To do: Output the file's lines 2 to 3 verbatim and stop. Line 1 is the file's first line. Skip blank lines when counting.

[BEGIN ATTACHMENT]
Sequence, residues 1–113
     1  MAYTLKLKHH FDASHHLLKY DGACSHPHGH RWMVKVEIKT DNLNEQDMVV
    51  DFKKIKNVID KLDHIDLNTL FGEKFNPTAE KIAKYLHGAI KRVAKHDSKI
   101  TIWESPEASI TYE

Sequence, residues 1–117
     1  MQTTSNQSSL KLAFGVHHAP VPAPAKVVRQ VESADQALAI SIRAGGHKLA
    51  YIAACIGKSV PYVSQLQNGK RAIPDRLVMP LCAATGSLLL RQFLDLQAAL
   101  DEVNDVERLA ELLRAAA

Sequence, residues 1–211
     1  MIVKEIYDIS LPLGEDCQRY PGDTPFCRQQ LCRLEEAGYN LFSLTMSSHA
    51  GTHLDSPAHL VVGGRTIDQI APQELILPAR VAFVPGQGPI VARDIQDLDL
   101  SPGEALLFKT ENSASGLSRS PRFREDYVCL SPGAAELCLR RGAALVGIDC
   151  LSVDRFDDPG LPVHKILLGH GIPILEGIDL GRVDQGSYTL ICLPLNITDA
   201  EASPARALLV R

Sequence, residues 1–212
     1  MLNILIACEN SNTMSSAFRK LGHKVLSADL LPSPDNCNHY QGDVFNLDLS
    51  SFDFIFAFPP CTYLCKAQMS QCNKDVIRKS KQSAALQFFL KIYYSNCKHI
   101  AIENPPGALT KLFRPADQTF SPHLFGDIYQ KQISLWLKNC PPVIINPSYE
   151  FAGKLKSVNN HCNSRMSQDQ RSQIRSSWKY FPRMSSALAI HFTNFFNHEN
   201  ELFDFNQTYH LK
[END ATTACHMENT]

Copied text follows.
     1  MAYTLKLKHH FDASHHLLKY DGACSHPHGH RWMVKVEIKT DNLNEQDMVV
    51  DFKKIKNVID KLDHIDLNTL FGEKFNPTAE KIAKYLHGAI KRVAKHDSKI